Nick lay back on the sand and stared at the dark sky, barely aware of Bernice as she moved within the circle, her voice soft and low. He closed his eyes and thought back over the previous few weeks. No wonder Bernice was losing control. Nick could see why she might want to end it all, but no, she leaves her own granny's wake to prance about the beach in a circle of candles.

Bernice poked him in the side with her toe. 'Come on Rumpelstiltskin, suppose we should head back. I'm done here for now.'

Nick helped Bernice pack away her tools. Her hand brushed his and he looked into her eyes a bit longer than he probably should have.

'I know it's been difficult and exhausting but those folk back at the farm are on your side.'

'You think?' Bernice asked.

He let his gaze drop, confused by the effect that Bernice was having on him. 'Okay. I've a bar to run. We need to make plans to get back to Glasgow. Life goes on.'

'Life goes on for some,' Bernice whispered. 'This island is where my life began.'

Nick sighed. 'Look, this has all been very stressful. I get that. But surely you feel better knowing that you still have family. Liam?'

'I don't believe that nonsense about Liam. He can't be my brother, and I can feel he's not my son.'

'It was 20 years ago, Bernice. You were young and afraid, your head wasn't in the right place. Dermott wouldn't lie. Why would he? If he says Liam is your brother, just accept that. Your son, Humiel, you need to let the past go. You lost him, Bernice. Hanging onto false hope is driving you crazy.'

'I'm not saying Dermott's lied knowingly, but Granddad worked him and Robbie like puppets. They're not the sharpest lemons in the gin. Think about it. If Liam is Granny's son, he's my uncle, not my brother. They say he's my brother?'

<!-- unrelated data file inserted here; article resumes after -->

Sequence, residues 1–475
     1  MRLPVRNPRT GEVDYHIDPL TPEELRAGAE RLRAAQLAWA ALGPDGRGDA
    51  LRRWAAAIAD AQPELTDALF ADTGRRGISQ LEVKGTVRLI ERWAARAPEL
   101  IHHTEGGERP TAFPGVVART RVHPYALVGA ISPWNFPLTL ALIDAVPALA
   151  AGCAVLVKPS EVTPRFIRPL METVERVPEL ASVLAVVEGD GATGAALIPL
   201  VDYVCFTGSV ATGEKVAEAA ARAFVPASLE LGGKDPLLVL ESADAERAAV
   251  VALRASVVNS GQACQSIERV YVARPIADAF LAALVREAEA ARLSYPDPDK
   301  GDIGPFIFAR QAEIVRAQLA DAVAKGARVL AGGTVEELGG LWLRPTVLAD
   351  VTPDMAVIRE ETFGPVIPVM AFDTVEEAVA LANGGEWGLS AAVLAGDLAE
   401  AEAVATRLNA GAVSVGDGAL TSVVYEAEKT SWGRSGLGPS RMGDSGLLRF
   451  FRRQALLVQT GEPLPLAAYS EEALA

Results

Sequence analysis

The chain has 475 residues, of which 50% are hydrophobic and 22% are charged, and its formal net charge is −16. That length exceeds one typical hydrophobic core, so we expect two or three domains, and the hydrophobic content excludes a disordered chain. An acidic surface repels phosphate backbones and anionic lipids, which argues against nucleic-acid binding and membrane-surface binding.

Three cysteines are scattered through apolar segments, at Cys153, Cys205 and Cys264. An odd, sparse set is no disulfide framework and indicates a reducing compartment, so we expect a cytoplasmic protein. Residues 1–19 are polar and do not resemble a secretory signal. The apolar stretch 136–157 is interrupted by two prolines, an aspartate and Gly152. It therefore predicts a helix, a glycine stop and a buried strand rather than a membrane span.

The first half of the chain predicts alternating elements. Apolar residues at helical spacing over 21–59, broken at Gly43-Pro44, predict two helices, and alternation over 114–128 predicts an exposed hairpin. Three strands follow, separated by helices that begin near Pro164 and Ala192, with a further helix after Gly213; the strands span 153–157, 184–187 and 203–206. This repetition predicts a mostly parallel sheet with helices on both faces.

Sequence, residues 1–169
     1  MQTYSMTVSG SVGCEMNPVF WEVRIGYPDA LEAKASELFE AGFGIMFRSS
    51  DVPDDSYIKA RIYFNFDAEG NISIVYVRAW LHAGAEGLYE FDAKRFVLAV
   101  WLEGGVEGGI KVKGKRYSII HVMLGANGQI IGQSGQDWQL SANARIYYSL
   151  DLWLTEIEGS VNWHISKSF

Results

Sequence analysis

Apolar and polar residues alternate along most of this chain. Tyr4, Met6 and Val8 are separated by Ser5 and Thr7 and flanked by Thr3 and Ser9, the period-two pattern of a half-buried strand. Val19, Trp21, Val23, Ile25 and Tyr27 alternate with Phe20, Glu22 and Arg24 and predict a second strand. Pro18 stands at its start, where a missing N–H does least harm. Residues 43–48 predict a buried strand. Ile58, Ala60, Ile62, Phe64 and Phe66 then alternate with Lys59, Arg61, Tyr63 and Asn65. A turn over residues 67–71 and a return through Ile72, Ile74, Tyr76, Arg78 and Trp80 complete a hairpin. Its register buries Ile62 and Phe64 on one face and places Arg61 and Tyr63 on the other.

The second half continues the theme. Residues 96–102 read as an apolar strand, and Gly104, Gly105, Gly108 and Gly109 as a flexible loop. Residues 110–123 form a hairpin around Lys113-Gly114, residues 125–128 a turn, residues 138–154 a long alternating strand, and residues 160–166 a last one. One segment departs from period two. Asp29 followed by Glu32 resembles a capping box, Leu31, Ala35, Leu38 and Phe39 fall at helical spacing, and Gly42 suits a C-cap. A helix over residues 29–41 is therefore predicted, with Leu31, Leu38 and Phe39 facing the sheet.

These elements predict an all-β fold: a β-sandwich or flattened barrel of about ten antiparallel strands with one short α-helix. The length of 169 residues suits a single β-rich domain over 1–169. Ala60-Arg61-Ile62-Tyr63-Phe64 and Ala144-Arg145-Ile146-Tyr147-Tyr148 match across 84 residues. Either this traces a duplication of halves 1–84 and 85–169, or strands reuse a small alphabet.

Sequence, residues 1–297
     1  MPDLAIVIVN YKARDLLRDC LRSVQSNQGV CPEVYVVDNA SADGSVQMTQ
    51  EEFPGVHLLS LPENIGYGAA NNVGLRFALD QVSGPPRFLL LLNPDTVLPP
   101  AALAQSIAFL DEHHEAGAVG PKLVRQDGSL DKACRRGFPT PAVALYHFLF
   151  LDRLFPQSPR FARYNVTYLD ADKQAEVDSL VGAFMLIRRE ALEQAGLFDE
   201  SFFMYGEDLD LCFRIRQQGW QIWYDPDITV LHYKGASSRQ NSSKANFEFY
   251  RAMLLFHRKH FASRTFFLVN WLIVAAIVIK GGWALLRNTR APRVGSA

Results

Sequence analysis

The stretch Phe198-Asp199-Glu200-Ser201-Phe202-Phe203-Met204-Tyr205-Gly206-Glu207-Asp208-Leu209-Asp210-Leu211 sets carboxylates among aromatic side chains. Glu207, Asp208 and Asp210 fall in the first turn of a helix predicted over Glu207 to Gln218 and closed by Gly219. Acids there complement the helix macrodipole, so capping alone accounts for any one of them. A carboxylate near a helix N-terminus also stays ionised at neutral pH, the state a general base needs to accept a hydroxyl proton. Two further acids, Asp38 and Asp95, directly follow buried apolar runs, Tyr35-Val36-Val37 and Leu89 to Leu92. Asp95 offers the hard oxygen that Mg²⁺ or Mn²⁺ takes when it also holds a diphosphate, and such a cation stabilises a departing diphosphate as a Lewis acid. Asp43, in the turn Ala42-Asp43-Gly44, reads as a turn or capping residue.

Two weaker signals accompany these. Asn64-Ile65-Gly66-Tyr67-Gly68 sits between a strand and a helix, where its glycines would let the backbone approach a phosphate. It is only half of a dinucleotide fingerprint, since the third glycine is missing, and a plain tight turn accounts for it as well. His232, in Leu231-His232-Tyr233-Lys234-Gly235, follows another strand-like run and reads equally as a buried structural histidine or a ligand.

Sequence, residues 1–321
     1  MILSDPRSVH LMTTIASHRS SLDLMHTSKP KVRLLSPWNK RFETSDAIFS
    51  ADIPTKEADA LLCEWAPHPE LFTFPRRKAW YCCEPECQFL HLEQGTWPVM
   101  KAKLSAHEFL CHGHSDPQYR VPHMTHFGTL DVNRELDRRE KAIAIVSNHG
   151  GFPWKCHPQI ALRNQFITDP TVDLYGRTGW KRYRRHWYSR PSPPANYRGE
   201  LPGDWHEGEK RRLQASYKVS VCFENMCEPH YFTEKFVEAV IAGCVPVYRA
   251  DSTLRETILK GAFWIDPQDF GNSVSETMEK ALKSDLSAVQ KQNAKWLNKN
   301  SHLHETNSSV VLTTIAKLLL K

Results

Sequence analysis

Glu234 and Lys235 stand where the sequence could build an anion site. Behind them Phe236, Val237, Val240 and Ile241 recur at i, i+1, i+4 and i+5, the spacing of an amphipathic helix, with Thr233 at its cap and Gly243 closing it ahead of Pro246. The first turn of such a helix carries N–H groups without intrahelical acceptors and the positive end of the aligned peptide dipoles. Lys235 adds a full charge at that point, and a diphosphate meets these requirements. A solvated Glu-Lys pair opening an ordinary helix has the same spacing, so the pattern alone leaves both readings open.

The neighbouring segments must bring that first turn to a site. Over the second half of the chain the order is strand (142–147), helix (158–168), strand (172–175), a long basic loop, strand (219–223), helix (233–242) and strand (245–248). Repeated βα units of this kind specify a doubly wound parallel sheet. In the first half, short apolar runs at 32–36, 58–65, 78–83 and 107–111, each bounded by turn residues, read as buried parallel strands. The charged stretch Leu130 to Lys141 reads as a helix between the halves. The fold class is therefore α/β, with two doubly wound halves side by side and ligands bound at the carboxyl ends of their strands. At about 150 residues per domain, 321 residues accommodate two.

Nick scratched his head. 'Unless? Unless McShane and your granny had a relationship?'

'This isn't a Hollywood film script. This is my life. Someone is lying. It just doesn't add up. None of it does.'

Look, we really need to get back. That note you left at the farm tonight? A bit cryptic don't you think? Or was that your plan? Looking for attention? You made it pretty difficult for Maggie and Stacey. We thought you were off to top yourself.'

'Like mother like daughter?'

'Your mother's death was an accident.'

'Was it? You know, until tonight, I was terrified of the sea. Those waves can drag you down. All that space below. Ever heard of the term "Ordeal by water," Nick?'

'Something about witches being thrown into water to prove they were in cahoots with the devil?'

'That's about right. Suspected of being a witch you were thrown into deep water. If you drowned you were innocent, floating meant you were guilty, and sentenced to death, probably by fire. Bit of a raw deal, eh? '

'We're in a different century, Bernice. Things have moved on.'

'No they haven't. Society just made up new words for persecution: apartheid/homophobia/anti-semitism/sectarianism /racism, and don't start me on bullying. Do you realise how many folk suffer in silence because schoolmates, workmates, even family and friends tease them to the point that they just can't face another day?'